I would like to know what motivates Dorit Reiss to be such a strong proponent of vaccines.  It's clear why I write stories and post comments---I know vaccines damaged my children.  So why is Ms Reiss such a public voice against us?
Brattleboro (VT) Reformer

"It's that time of the year when many of us find ourselves wondering should we or shouldn't we? Of course, we are talking about whether to get a flu shot. Some people are dead set against getting a flu shot and can give a whole host of reasons while others, without fail, get their flu shots as soon as the vaccine is available. They, too, have a whole host of reasons for getting the shot.

"William Schaffner, MD, chairman of the department of preventive medicine at Vanderbilt University's School of Medicine in Nashville, Tenn., told WebMD that the flu is one of those subjects that is surrounded by myth.
"'There are urban myths and rural myths about the flu,' he said. 'Flu myths are everywhere.'
"Even care providers are susceptible to the myths, noted WebMD's R. Morgan Griffin.
"'Given that influenza can be serious and even fatal, it's crucial that we all know what's fact and what's fable,' he wrote, in a column listing 14 myths about the flu. . . .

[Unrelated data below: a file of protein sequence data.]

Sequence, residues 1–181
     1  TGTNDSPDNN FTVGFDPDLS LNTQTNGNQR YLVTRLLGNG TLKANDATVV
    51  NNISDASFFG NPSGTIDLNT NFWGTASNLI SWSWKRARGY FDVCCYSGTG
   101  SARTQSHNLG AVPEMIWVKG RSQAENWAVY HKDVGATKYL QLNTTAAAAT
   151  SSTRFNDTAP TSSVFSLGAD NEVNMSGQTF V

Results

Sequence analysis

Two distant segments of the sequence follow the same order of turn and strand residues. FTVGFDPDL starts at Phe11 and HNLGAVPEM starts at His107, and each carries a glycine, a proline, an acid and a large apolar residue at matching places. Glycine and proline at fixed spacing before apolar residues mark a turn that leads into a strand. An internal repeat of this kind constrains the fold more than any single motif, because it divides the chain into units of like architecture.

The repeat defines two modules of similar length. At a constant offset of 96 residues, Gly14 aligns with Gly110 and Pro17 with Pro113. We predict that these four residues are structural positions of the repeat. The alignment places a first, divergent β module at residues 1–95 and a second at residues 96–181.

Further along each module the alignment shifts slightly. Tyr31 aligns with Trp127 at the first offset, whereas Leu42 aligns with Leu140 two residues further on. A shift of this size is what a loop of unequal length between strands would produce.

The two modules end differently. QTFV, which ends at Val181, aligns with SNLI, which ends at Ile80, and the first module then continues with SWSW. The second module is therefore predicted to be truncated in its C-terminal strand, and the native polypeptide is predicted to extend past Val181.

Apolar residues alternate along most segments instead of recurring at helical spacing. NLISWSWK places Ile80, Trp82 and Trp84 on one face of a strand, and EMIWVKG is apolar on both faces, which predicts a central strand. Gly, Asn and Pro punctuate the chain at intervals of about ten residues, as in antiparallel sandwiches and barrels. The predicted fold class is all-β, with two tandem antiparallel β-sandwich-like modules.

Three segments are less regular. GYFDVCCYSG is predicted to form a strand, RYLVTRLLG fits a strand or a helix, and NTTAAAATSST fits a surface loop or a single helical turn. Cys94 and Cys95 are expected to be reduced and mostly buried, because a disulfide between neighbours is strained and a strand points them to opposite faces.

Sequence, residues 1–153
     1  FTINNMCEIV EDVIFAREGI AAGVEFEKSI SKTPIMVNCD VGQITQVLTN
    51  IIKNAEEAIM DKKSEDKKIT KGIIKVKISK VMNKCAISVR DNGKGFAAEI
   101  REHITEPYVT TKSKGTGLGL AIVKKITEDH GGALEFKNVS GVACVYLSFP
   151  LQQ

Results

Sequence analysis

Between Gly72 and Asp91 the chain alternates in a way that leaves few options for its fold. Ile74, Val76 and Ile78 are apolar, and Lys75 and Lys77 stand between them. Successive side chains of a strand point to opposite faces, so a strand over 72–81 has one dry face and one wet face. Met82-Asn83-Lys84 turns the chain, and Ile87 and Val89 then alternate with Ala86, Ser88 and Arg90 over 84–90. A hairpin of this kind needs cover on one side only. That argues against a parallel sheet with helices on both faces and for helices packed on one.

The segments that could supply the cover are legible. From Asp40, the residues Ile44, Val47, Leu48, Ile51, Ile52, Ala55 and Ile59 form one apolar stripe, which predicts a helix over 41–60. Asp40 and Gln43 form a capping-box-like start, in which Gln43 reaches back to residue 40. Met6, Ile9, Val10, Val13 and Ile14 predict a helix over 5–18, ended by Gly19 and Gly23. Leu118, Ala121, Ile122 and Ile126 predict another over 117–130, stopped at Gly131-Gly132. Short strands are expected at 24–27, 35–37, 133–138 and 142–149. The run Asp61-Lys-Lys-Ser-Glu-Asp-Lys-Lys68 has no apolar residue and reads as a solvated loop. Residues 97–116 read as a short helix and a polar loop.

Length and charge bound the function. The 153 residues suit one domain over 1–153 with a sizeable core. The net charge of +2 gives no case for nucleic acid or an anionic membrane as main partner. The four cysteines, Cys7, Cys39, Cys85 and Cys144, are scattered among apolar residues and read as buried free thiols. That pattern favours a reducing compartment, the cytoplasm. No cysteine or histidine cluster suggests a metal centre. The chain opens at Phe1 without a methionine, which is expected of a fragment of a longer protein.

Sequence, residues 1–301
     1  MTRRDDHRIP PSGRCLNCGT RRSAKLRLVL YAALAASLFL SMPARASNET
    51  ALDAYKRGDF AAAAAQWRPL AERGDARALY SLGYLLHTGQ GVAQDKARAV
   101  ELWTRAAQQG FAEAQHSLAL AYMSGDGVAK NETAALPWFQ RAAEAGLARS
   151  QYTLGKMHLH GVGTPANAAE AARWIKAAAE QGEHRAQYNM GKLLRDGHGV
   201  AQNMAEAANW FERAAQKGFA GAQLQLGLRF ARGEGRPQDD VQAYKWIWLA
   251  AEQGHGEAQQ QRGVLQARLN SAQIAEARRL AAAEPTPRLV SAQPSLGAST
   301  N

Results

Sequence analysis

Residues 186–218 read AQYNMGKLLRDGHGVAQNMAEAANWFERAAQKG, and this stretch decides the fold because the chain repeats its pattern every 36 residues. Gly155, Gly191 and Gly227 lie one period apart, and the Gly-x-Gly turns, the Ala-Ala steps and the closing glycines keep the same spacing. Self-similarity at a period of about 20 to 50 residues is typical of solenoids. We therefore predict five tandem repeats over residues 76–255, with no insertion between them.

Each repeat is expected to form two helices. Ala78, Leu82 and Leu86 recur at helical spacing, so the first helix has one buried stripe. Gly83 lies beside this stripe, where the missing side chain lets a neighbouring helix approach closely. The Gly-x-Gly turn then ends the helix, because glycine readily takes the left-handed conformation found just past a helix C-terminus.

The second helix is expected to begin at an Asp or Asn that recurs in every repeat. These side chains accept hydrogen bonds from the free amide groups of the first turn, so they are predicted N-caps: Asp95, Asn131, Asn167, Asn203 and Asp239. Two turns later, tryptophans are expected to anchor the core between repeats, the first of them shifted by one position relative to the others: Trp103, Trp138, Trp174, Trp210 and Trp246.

"'Some believe that there could be a link between vaccines -- specifically the ingredient thimerosal -- and developmental disorders in children, like autism. However, there is no evidence that vaccines cause autism, and experts say that we're losing sight of how important vaccines are.'
"If you're still concerned about thimerosal, noted Griffin, manufacturers produce more thimerosal-free flu vaccine than people use."


I posted nine comments. The links look incredible---photos included!!
Miami Herald

"At least 500,000 American children with autism will become adults during the next decade, according to the Autism Speaks awareness and advocacy group. These young people will need homes, jobs and the promise of a future.
"Learn more at a Town Hall Meeting with the focus, 'Small Businesses that Employ People with Autism' at 7 p.m., Nov. 11 at Newman Alumni Center, University of Miami, 6200 San Amaro Dr. in Coral Gables. . . . "

It really seems pointless to comment on something like this, but I did anyway. This is really scary stuff to read, but no one is ever alarmed.